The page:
Thyroid nodules are ubiquitous — an estimated 80 percent of Americans have these typically benign growths, says Jonathon Russell, a Johns Hopkins otolaryngologist–head and neck surgeon. But in a fraction of individuals, thyroid nodules expand to a size that becomes problematic, leading to troubles with swallowing or breathing, or changes in appearance that patients find unsightly.
“Several years ago, the choice on how to respond to benign thyroid nodules was binary: either perform surgery or not,” Russell says. “Because these growths typically aren’t life-threatening, many patients chose to live with them rather than deal with the recovery and scars of surgery.”
But recently, says Russell and his colleague thyroid surgeon Ralph Tufano, Johns Hopkins began offering a third option: radiofrequency ablation (RFA), a technique that destroys unwanted tissue using heat generated from medium-frequency alternating current.
RFA has been used for decades to treat conditions affecting the heart, liver and other areas. But its use in the neck has been limited due to the close proximity of vulnerable anatomic structures, such as nerves critical for swallowing and speaking, explains Tufano. With better technology and more refined techniques, he adds, RFA has become a popular way to treat benign thyroid nodules elsewhere in the world. Johns Hopkins’ leadership in “scarless” techniques to treat thyroid and parathyroid nodules and cancers made it a fit to be a pioneer for RFA in the United States.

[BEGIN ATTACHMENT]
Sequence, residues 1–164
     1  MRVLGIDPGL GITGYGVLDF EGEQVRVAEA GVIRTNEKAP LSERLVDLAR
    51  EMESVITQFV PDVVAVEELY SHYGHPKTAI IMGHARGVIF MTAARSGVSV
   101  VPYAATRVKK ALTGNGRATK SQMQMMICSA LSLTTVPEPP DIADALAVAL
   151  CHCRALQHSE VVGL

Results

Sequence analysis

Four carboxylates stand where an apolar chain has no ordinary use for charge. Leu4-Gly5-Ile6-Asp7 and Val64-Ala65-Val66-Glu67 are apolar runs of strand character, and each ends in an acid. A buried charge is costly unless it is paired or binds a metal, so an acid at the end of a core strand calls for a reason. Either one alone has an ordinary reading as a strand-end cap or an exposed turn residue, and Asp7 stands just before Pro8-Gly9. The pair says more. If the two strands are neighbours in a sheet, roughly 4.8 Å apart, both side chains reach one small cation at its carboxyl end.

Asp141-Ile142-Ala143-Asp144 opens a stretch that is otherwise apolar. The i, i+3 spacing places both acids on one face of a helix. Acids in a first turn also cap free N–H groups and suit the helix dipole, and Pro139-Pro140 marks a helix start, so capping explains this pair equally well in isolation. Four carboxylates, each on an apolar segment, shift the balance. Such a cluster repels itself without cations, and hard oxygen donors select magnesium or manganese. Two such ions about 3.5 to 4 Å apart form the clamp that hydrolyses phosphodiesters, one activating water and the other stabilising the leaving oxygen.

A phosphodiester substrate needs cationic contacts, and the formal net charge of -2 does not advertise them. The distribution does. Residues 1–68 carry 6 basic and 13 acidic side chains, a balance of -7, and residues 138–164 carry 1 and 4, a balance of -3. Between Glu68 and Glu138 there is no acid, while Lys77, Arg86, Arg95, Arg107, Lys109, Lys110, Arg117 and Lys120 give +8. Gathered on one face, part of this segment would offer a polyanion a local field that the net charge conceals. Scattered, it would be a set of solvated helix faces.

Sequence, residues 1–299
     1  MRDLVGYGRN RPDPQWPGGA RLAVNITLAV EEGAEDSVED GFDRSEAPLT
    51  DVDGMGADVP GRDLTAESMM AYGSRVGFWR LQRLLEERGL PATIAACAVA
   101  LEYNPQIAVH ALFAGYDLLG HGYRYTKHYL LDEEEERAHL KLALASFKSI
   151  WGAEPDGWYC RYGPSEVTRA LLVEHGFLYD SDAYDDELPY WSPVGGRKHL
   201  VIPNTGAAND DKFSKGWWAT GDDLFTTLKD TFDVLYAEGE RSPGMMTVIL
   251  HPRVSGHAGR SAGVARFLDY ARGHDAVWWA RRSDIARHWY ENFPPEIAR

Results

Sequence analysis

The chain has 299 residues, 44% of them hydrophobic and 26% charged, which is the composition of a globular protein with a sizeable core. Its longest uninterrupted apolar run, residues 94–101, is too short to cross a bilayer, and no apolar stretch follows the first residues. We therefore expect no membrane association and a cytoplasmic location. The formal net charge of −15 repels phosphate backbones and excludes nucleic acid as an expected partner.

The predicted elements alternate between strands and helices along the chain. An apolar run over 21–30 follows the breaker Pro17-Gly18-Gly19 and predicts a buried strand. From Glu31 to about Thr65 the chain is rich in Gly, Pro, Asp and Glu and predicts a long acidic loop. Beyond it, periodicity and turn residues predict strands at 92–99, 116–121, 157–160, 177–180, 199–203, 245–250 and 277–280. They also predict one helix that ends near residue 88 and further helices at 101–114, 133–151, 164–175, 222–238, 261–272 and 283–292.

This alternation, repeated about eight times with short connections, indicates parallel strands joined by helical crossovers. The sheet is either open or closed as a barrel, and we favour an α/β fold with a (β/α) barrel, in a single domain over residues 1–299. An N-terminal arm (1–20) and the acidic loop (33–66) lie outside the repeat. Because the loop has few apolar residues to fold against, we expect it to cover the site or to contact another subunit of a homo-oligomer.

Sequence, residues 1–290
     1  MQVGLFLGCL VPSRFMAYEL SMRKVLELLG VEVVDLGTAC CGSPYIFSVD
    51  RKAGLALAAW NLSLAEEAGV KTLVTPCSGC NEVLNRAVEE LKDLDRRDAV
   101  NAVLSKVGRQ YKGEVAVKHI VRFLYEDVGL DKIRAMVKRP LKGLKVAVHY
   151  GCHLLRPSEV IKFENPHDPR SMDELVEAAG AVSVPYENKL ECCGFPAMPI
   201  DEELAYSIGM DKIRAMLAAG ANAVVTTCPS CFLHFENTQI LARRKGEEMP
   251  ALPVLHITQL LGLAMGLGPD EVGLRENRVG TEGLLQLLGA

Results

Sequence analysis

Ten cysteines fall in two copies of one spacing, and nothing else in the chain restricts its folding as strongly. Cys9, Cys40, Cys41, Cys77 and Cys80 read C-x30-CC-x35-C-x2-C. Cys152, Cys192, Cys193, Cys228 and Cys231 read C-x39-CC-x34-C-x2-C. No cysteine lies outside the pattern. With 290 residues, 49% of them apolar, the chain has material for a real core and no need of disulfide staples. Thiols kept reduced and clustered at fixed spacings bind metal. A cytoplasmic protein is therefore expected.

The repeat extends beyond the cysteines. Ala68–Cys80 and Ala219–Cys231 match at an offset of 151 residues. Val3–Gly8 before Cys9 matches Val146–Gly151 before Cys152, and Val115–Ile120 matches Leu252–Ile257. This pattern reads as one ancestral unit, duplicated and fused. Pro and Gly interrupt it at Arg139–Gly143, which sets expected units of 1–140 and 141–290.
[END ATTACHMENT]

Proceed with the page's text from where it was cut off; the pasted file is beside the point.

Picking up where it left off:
Russell, Tufano and their colleagues use ultrasound guidance to insert the RFA probe into a nodule, creating a pattern of damage that’s visible under imaging. Depending on the size of the nodule, this procedure takes as little as 30 minutes to complete, Russell says. Over the next several weeks and months, the damaged tissue shrinks and disappears, leaving patients with markedly reduced nodule size and related symptoms.
Because RFA is minimally invasive and extremely targeted, says Tufano, there are no scars, and patients can avoid the long-term consequences of surgery, such as the need to take thyroid hormones for life.Right now, he adds, the procedure is limited to benign nodules, in which patients have at least two confirmed biopsies showing no malignancy. But eventually, RFA may be an option for patients with small cancerous tumors. In time, Russell says, he and Tufano plan to also offer this procedure under local anesthesia, performing it right in the clinic.